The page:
Righty ho, lads and lasses, take a look at the date today. It’s the 17th March, the date when St Patrick allegedly drove the snakes out of Ireland and we could all celebrate with a beer or two. Specifically a glass or two of stout.
This whole date is dominated by one particular brand, you know who I’m talking about, and do you know what? Good on them for encouraging non-beer drinkers to sample a beer on the one day of the year where it is practically the law to have a pint of the ‘black stuff’ and enjoy it.
There are probably more myths, stories and misconceptions about stout than any other beer style, a lot of them perpetrated by the brilliance of marketing, advertising and hearsay of one brand owner.
The word ‘stout’ was historically a generic name for beer. It originated from stout porter, a popular style of beer in the 1800’s in London. Yep, you read that right, London. It described a high alcohol, bolder flavoured version of any beer.
And whilst stout is now typified by one brand owner who may have backed up his claims of it being good for you by siring twenty one children (massive respect, Arthur Guinness and more so his poor wife!), there are so many more stouts we could look at.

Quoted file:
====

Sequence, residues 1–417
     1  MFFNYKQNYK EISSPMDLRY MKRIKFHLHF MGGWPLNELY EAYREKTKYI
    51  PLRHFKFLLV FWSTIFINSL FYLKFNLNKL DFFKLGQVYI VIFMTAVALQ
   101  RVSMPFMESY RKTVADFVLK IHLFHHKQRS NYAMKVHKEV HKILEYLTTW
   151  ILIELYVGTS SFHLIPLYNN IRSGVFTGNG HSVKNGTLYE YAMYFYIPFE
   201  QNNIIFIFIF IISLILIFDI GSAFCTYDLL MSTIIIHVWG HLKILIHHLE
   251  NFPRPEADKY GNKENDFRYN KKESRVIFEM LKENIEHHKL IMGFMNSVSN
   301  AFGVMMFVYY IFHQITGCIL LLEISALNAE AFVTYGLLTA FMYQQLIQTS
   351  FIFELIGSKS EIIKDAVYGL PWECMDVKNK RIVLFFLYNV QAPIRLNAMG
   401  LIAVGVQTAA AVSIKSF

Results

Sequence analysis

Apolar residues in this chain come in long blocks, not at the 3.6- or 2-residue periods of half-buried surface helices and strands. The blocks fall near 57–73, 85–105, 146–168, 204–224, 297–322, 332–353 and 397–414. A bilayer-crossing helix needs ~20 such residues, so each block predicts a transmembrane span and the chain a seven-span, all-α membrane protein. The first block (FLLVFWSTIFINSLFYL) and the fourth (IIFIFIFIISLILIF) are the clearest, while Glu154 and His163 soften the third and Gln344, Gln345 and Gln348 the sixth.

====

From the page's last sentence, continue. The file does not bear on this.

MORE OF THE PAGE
Let’s take Young’s Double Chocolate Stout. I love this beer for numerous reasons, not least the fact that the brewery has a special room dedicated to store all the real chocolate that is added to this beer. How cool is that? A chocolate room in a brewery. I might just decide to live there.
You might be thinking that you can only get Young’s Double Chocolate Stout in bottles, but I have insider info that the largest pub company in the UK is listing it this month in cask for their pubs. So there’s no excuse not to find it.
A few years ago, I was asked to select some stouts for a St Patrick’ Day beer tasting on national television, and this is one of the beers I picked. I engineered Kylie Minogue drinking it on The One Show, Holly Willoughby sampling it on ‘This Morning’ and they loved it’s sweet, silky qualities. Far from being heavy, bitter and ‘dour’, it displayed the best qualities of stout: full flavoured with hints of coffee, chocolate, vanilla and toast. It contrasted beautifully with strawberries, ice cream, Tiramisu, and surprisingly game meat such as venison, grouse and pheasant.
Stout has so much more to offer than a ‘one day a year’ experience. You only have to look at a glass of stout to realise what brilliance has gone into creating this wonderful beer.